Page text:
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On Saturday, Feb. 17, Sen. Keith Wagoner, R-Sedro-Woolley, and I held our first town hall in Sultan and Arlington. I would like to thank everyone who attended and voiced their concerns, opinions and comments about state government.

Gun legislation passed out of the House.

A number of gun control bills were proposed in the House and Senate this session. Fortunately, the Legislature is designed so each bill is thoroughly vetted. This helps ensure a formal and complete examination is given to each proposal. At this point in time, only one gun control bill has been approved by the House.

House Bill 2519 was passed with a 94 vote majority. The bill states that before a law enforcement agency can return an impounded or surrendered firearm to the owner, the agency must first determine if the owner is eligible to own a concealed pistol. This bill is awaiting an executive session in the Senate Committee on Law and Justice.

Gun legislation passed out of the Senate.

On the other hand, the Senate passed three gun control bills that have made their way to the House for further consideration.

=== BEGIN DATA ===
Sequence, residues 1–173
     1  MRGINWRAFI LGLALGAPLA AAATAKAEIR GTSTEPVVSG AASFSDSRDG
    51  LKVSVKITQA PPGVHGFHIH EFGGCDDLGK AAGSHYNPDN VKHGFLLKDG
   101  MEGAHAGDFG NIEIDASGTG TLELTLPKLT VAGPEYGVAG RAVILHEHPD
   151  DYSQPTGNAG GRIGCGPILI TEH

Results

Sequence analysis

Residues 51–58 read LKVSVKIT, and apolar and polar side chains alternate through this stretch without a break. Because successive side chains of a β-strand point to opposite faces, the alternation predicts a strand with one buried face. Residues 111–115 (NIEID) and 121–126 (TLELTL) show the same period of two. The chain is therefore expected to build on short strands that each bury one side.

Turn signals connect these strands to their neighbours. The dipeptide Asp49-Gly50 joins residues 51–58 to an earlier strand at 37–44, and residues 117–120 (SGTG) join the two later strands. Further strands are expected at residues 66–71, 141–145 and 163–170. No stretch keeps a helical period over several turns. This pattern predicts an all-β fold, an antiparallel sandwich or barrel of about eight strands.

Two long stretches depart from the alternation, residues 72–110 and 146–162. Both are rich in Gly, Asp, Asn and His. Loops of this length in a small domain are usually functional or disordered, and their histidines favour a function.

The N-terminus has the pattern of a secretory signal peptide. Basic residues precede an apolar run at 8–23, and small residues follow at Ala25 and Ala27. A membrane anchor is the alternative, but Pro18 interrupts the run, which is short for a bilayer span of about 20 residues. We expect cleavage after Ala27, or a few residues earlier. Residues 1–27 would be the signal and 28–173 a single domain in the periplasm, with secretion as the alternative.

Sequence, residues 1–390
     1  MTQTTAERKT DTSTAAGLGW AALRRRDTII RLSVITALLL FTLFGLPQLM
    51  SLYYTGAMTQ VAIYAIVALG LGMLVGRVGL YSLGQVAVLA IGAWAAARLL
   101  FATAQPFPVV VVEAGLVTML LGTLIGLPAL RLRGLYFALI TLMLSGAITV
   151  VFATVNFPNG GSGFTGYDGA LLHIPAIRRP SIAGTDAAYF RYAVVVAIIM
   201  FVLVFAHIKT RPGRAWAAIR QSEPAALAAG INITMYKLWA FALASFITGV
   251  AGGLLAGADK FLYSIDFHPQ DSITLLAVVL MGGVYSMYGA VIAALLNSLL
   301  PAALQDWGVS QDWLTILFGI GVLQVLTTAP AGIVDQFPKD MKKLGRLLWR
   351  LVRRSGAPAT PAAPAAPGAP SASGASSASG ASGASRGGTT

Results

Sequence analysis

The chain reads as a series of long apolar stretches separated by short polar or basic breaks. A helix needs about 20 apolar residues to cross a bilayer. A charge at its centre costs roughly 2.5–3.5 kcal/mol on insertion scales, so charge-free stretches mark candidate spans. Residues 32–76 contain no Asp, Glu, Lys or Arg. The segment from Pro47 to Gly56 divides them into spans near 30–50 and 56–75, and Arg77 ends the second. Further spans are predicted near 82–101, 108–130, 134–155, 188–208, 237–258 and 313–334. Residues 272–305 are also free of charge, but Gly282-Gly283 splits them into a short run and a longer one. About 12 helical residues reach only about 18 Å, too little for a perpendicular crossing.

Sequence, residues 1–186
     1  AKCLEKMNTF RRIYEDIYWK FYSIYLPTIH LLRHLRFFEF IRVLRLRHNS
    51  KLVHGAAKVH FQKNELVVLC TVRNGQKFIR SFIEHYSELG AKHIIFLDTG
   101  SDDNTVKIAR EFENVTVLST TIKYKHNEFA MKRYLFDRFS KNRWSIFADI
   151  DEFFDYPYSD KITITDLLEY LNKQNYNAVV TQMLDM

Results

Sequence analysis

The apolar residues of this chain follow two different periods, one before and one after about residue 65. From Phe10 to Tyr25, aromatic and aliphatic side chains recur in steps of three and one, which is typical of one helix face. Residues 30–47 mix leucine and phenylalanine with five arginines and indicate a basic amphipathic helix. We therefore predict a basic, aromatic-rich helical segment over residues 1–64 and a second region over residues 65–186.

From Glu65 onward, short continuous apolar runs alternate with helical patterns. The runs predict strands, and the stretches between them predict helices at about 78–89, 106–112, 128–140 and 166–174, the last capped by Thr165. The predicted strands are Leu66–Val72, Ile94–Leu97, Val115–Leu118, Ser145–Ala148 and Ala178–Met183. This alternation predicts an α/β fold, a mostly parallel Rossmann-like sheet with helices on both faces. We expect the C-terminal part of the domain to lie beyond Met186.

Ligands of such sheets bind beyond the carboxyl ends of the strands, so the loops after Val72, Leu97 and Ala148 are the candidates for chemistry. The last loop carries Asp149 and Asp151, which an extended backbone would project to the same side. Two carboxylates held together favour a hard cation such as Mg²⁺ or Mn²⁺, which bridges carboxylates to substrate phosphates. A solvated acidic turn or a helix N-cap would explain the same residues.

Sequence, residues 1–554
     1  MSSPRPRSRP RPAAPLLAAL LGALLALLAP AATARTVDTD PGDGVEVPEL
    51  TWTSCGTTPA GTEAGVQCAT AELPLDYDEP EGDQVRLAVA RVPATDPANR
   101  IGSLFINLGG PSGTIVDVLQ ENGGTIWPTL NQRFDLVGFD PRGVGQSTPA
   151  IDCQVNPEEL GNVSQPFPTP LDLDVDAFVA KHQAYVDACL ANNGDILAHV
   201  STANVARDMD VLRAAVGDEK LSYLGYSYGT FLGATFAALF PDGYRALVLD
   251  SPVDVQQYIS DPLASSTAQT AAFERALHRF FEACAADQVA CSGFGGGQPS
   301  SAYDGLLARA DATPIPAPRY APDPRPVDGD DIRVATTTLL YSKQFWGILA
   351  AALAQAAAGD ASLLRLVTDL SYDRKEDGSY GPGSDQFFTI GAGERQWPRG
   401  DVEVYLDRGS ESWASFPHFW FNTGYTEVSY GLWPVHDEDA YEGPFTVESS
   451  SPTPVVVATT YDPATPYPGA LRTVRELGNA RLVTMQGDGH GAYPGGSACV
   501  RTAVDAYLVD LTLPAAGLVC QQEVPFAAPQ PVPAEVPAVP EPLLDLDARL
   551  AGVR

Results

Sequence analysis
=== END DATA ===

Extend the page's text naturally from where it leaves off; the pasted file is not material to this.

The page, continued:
Senate Bill 5992 would prohibit a person from manufacturing, owning, buying, selling, loaning, furnishing, transporting, or having in possession or under control, a bump-fire stock and declares such device to be contraband. A bump-fire stock is designed to attach to a semiautomatic firearm with the intent of increasing the rate of fire to that of a fully automatic firearm. The bill has been placed on second reading and awaits further decision.

Senate Bill 6298 says that a person who has been convicted of harassment of another family member is prohibited from possessing a firearm. The measure was recently approved by the House Judiciary Committee. It now awaits further action by the House chamber.

Senate Bill 5553 would allow for a person to voluntarily give up their firearm rights by filling a waiver with the court. A change to the bill has been proposed that would require the Washington State Patrol to enter the waiver information into the National Instant Criminal Background Check system. The measure was approved by the House, 77-20. It now heads to the Senate for further consideration.

Stay connected

I want to encourage you to get involved and voice your thoughts on these bills. As always, if you have any questions or concerns feel free to contact me or my assistant, Brenda. I am here to serve you and hope to hear from you soon.


Carolyn Eslick

State Representative Carolyn Eslick
39th Legislative District
467 John L. O'Brien Building | P.O. Box 40600 | Olympia, WA 98504-0600
360-786-7816 | Toll-free: (800) 562-6000